By Ed Hazard.

For generations, California’s oil and gas industry has worked to bring citizens of the Golden State safe, affordable and reliable energy. But beyond powering the lives of Californians on a daily basis, the industry has provided an undeniable economic boost that continues to propel our state forward and keep us at the forefront of growth and productivity. Recently however, tangible economic impacts have too often been lost among heated rhetoric about energy production.

In 2012, the oil and gas industry provided more than 60,000 jobs and added roughly $26 billion to the economies of both Ventura and Kern County. In Ventura County alone, the energy industry’s total economic contribution was 7 percent of the county’s overall economy – translates into police officers, firefighters, teachers, public workers and other vital services.

Despite these figures, fracking, better known as hydraulic fracturing, has been the biggest topic of controversy within the energy debate.

Hydraulic fracturing is a process that enables the extraction of oil and gas from certain types of rock formations far below ground. It was first used in Ventura County in the 1960’s and the technique has unlocked massive oil and natural gas reserves that have helped to provide Californians with energy independence and economic stability.

Some dismiss hydraulic fracturing due to misconceptions of the practice and the dissemination of misinformation by industry opponents.

Misconceptions regarding the safety and sustainability of fracking, especially around water, tend to ignore some basic facts. For instance, hydraulic fracture fluids in California are often comprised of recycled water and/or groundwater that, in its natural state, the Environmental Protection Agency classifies as “not appropriate for human consumption or agricultural purposes.”

For example, the water used by the local Seneca Resources Corporation for hydraulic fracturing in the Sespe Oil Field is a combination of recycled water and non-potable water from two water source wells in the field.  Once the fracturing process has been completed, the fluids are usually removed from the well and recycled to use in Seneca’s future operations.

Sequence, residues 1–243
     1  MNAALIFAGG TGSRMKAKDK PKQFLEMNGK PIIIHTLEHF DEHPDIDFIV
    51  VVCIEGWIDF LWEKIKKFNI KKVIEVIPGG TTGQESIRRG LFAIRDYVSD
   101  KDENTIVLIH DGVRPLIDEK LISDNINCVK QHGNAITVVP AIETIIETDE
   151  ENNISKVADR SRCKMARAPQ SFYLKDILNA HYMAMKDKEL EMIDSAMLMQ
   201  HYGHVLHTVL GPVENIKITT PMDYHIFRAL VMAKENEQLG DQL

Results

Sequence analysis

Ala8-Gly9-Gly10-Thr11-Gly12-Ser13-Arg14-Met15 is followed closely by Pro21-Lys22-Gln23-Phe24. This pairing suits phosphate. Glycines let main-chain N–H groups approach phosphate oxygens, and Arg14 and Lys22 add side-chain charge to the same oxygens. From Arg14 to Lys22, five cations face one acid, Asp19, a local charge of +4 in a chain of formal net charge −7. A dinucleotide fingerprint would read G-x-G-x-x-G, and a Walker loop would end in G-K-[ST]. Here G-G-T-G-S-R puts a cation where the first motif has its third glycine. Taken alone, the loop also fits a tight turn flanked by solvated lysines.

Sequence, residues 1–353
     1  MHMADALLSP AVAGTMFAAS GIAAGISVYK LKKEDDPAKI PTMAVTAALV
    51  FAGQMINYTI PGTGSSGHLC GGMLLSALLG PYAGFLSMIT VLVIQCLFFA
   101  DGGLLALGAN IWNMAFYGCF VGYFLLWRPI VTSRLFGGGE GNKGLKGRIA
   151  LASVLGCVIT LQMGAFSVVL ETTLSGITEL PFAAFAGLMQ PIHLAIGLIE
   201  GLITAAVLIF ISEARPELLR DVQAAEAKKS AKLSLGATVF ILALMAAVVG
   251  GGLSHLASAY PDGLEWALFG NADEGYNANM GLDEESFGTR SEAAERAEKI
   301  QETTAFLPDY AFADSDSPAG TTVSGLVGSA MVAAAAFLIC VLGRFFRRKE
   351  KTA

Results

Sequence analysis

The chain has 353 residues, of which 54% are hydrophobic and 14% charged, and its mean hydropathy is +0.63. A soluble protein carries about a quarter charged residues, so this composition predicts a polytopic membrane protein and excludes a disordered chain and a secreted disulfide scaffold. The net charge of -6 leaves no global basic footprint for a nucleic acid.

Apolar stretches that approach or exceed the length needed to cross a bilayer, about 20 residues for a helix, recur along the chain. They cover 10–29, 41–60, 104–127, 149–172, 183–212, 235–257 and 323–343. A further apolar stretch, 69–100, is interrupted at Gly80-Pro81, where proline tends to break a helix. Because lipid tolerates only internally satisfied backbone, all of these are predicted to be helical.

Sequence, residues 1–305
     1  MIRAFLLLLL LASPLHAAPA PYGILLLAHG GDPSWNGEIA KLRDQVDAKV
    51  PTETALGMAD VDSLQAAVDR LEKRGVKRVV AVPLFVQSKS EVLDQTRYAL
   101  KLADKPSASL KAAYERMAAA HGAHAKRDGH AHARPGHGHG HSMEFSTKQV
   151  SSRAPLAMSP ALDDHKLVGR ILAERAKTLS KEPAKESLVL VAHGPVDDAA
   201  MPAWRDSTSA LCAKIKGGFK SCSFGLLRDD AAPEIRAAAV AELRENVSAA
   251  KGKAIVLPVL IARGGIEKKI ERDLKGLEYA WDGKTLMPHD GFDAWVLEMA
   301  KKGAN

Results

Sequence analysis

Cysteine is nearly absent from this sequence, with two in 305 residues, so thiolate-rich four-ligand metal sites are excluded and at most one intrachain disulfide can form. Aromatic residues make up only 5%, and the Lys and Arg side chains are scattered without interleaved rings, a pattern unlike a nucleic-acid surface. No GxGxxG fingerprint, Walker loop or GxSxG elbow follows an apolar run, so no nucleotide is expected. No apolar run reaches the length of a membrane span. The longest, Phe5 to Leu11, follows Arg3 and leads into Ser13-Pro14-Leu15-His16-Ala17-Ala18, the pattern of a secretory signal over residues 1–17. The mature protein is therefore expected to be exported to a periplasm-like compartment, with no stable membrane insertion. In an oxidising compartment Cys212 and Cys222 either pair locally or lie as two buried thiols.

Because so many misconceptions like these exist, taking an objective viewpoint is important. In the roughly 50 years since fracking began in Ventura County, there have been no environmental impacts. This is a thanks, in large part, to California’s lawmakers who craft some of the strictest environmental laws in the world. Senate Bill 4 (SB4), which will go into effect later this year, builds upon the stringent guidelines of the past to help regulate new technologies and methods.

But our successful environmental record also has to do with the fact that the companies performing this work go to great lengths to ensure they are operating in ways that do not compromise the well-being of Californians, the land or area wildlife – Seneca Resources Corporation is one such company.

Seneca has been an industry leader in safety and responsibility for decades, as evidenced by having earned the California Operator of the Year award in 2012 from the United States Bureau of Land Management. The solid data and transparency provided by companies such as Seneca, which voluntarily releases its fracking data to the public, has shown that the industry not only operates in a responsible manner but that these operations also make good economic sense.

Seneca’s employees live and work in the community, and appreciate the importance of conservation in California.  Seneca takes the utmost care to ensure that its work does not interfere with area wildlife, particularly the California condor. Since Seneca established its operations in the Sespe in 1987, there has not been one single instance of a condor injury or death stemming from its work there. This unblemished record is a direct result of Seneca working alongside the U.S. Fish and Wildlife Service to implement best practices aimed at protecting condors and other animals in the region.

A careful review of the facts reveals that the truth is quite clear: California’s oil and gas industry safely provides Californians with the energy necessary to live and the economic support needed to thrive. We are fortunate to live in a place with abundant energy sources and spectacular natural beauty. Thanks to companies like Seneca we are well-positioned to enjoy both for many years to come.

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Ed Hazard and his family are California mineral owners. Mr. Hazard is President of National Association of Royalty Owners-California (NARO-CA). NARO-CA is an all volunteer non-profit organization representing the interests of the estimated 600,000 oil and gas mineral/royalty owners of California. Founded in 1980, the National Association of Royalty Owners is the only national organization representing solely, and without compromise, oil and gas royalty owners’ interests.